Those looking for a relaxed low-key drama need to look no further than director Bille August latest film, Night Train To Lisbon. It’s a well acted affair, with a beautiful setting and a laid-back vibe. It’s never going to set the world on fire in the tension stakes but this is a smooth little film which reminds you big is not always better.

Jeremy Irons plays Raimund Gregorius, a professor who saves a mysterious young woman from throwing herself off a bridge in Bern. Fleeing from the scene, she leaves behind her coat, a train ticket to Lisbon and a book written by a young doctor. Gregorius becomes fascinated by the book’s contents and drops everything so that he can travel to the Portuguese capital to learn more about the its enigmatic author.

Jeremy Irons is one of the few actors who can convincingly play both shark-like evil and meek geek on screen without ever appearing as if he’s acting. In Night Train To Lisbon he plays the latter, a man who gives up his life to follow a book that touches him on an emotional level . It’s a performance that will never win awards (it’s not flashy), but it’s organic and truthful. He’s supported by an impressive cast that includes Charlotte Rampling, Mélanie Laurent, Jack Huston and Christopher Lee who all do good work.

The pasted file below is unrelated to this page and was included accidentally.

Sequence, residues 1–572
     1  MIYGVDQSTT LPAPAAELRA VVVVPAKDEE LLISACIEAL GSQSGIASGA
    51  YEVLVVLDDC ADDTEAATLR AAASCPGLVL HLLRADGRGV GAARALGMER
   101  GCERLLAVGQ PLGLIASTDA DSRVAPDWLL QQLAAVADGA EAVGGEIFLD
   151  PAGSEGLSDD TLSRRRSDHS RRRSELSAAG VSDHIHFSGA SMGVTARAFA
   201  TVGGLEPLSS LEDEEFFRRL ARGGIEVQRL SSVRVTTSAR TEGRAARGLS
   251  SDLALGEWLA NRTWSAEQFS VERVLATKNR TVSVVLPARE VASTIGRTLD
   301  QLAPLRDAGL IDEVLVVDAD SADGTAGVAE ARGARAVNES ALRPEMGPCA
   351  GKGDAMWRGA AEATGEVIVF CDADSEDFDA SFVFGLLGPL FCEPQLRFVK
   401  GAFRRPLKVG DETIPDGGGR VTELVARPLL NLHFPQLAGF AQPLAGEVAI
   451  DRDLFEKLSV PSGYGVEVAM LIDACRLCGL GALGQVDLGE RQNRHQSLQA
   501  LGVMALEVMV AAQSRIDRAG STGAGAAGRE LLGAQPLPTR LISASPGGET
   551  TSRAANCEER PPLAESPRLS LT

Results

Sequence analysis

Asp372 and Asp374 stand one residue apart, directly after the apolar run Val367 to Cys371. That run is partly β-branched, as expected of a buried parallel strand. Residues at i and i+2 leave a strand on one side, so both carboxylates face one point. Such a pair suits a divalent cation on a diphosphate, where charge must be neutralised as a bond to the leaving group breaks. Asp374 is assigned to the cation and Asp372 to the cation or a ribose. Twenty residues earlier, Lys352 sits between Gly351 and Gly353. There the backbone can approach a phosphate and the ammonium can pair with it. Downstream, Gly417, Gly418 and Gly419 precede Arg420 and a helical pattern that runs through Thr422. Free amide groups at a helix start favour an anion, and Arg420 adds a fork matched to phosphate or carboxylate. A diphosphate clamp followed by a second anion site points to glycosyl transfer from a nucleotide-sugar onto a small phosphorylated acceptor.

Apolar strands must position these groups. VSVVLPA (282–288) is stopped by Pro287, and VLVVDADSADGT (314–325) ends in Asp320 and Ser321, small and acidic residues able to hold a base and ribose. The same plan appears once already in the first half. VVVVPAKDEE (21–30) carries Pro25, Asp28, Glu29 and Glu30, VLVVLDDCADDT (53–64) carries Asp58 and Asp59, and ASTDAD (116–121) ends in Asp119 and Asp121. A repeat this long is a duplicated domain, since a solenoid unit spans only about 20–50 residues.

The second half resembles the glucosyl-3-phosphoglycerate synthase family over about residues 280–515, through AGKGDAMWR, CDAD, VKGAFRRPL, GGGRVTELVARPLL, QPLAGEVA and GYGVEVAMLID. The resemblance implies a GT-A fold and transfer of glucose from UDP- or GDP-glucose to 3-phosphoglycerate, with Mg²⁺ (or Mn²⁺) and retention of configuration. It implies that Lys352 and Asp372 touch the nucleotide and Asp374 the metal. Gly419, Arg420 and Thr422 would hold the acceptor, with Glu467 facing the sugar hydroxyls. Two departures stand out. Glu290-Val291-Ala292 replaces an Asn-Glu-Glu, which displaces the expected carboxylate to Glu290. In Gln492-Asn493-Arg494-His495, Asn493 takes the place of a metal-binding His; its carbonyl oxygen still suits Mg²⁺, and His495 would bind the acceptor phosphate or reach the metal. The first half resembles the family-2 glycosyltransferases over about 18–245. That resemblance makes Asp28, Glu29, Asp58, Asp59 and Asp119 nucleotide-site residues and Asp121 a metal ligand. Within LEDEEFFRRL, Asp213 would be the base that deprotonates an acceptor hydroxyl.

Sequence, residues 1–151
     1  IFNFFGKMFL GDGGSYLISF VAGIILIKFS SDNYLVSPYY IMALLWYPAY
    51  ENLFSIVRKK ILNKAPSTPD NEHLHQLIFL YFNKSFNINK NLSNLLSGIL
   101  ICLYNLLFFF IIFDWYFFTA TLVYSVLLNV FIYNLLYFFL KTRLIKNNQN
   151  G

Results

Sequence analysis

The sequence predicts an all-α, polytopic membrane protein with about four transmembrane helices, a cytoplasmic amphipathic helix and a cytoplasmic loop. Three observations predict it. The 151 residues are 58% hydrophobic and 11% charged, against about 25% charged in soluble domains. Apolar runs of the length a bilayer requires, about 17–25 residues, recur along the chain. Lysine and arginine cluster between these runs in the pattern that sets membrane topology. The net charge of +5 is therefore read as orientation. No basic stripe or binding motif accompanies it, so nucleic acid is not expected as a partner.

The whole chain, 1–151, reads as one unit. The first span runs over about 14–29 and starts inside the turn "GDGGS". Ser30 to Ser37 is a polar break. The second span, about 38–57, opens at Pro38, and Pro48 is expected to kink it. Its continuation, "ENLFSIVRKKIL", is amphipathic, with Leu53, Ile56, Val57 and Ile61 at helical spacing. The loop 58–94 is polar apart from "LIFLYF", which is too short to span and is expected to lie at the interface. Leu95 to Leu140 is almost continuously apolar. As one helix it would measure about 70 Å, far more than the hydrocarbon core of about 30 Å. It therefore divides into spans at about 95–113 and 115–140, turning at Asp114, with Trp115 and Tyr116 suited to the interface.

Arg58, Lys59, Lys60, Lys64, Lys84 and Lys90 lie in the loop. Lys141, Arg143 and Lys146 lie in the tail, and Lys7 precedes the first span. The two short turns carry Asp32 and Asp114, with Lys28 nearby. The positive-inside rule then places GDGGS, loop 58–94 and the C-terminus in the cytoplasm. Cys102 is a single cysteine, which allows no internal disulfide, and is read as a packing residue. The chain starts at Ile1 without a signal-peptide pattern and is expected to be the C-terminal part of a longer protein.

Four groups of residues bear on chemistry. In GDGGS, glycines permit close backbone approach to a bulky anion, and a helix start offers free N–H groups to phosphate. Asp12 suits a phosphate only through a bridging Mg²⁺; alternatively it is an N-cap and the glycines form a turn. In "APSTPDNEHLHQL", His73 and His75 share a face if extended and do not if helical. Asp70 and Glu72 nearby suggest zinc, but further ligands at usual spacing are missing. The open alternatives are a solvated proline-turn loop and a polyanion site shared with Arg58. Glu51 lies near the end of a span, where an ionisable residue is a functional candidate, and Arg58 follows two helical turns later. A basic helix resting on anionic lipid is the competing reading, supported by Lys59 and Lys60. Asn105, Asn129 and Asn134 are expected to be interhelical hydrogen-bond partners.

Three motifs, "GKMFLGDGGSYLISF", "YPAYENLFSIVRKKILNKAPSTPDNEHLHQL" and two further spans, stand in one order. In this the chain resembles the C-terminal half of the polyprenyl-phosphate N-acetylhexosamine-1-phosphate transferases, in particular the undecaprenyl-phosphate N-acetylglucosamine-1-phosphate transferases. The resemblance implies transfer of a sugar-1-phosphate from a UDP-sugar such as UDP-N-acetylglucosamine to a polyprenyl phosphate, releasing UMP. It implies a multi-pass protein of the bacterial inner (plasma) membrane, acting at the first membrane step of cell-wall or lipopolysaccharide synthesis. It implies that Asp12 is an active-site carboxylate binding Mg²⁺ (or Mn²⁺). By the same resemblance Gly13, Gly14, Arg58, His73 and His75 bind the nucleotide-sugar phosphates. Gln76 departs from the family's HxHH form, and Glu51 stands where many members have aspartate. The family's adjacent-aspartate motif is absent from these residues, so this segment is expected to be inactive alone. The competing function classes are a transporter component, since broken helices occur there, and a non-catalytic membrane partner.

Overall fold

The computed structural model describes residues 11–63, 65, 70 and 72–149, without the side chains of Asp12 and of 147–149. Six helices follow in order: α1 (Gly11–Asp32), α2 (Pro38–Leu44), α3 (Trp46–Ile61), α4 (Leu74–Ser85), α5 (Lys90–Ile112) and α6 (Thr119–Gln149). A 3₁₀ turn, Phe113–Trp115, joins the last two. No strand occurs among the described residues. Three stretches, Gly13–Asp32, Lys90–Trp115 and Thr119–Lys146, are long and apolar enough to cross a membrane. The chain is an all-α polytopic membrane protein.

Night Train To Lisbon (which is based on a novel by Pascal Mercier) balances its duel narrative well and both stories are served evenly (which is not always the case). August weaves them together in a convincing way, letting the tales glide along,  keeping the audience involved without ever upping the urgency levels. It’s this lack of urgency which ultimately leads to the film’s biggest flaw. It never really moves up a gear, even when the emotional stakes are raised.

An interesting piece of cinema which never quite feels essential, Night Train To Lisbon is a good showcase for Jeremy Irons’ acting talent and the beauty of Lisbon.